Qualifying for Hospice: It used to be so easy,
The death of General Debility and Adult Failure to Thrive
In 2002 General Debility accounted for 6% of all Hospice claims and Adult Failure to Thrive was 3%. In 2012 there were a lot more hospices and General Debility accounted for 12% of all claims and was the number 1 code used on all hospice claims and Adult Failure to Thrive accounted for 7%. Why were there a lot more hospices? The American public is becoming more sophisticated in its choices for health care. They turn to the internet and look up diseases and their prognosis. They want to have more control over the end of their life and the Baby Boomers are entering retirement and caring for their parents and themselves.
Center for Medicare and Medicaid (CMS) thoughts
General Debility and Adult Failure to Thrive are: “non-specific, ill-defined diagnosis”
Since 2008 hospice has been required to do a comprehensive, individualized assessment and plan of care and if a non-specific, ill-defined diagnosis is used as primary this cannot be done (according to CMS). CMS says “these diagnoses are incongruous to the comprehensive nature of the hospice assessment”. They can be used as secondary or related diagnoses but not as primary diagnosis.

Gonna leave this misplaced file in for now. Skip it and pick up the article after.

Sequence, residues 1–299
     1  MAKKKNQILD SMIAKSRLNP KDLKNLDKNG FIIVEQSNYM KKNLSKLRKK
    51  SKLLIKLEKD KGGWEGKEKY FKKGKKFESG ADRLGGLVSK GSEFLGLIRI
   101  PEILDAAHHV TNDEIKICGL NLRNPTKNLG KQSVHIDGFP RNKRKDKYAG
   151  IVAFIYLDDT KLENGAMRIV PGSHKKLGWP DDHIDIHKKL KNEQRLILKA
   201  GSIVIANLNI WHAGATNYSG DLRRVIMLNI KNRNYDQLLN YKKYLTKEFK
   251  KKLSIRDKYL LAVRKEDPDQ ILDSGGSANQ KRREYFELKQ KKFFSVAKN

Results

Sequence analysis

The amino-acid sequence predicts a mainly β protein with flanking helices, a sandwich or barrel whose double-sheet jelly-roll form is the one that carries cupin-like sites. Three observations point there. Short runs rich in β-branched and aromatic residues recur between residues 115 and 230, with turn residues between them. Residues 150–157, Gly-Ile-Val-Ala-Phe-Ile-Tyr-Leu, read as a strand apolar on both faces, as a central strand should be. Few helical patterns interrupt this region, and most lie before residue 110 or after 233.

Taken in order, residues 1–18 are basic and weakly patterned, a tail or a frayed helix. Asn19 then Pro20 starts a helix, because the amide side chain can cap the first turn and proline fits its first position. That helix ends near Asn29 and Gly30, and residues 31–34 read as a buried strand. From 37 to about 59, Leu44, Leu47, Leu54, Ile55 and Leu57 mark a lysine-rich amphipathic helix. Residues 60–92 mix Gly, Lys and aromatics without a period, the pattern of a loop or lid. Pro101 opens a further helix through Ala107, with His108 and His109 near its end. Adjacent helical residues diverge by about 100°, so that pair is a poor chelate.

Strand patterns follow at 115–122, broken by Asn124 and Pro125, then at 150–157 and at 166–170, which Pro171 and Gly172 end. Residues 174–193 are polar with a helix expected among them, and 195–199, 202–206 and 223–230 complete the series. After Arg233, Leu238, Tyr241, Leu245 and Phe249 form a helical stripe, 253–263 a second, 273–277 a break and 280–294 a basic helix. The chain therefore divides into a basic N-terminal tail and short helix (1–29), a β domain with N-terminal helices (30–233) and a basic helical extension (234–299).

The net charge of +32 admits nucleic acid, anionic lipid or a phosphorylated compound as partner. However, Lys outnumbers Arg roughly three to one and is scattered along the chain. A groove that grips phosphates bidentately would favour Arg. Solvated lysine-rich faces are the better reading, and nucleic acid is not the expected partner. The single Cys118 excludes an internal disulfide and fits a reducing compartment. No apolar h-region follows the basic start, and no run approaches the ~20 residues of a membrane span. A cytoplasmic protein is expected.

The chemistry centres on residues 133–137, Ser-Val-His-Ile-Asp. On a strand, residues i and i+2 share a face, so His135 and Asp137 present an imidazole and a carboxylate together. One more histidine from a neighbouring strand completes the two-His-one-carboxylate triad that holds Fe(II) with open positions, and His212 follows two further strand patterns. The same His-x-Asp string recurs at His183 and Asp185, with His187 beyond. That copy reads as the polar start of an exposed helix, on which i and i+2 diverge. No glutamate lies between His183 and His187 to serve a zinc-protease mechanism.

What all this means at Front Range Hospice
The Administrator and the DON are rapidly educating themselves on Coding for Hospice. All patients that were coded with a primary diagnosis of general debility or adult failure to thrive we have done the research and changed the primary diagnosis. Underlying the General Debility or the Adult Failure to Thrive is a primary disease that is creating this condition. We have done the research, found this disease and with the assistance of our Medical Director, we have changed the primary diagnosis.
Going forward, we will do the research and find a primary diagnosis that is not General Debility or Adult Failure to Thrive. It is important to Front Range Hospice that patients receive the hospice care that they are entitled to. This means that we must request more records and do more digging some times before our Medical Director is comfortable certifying what the terminal illness is.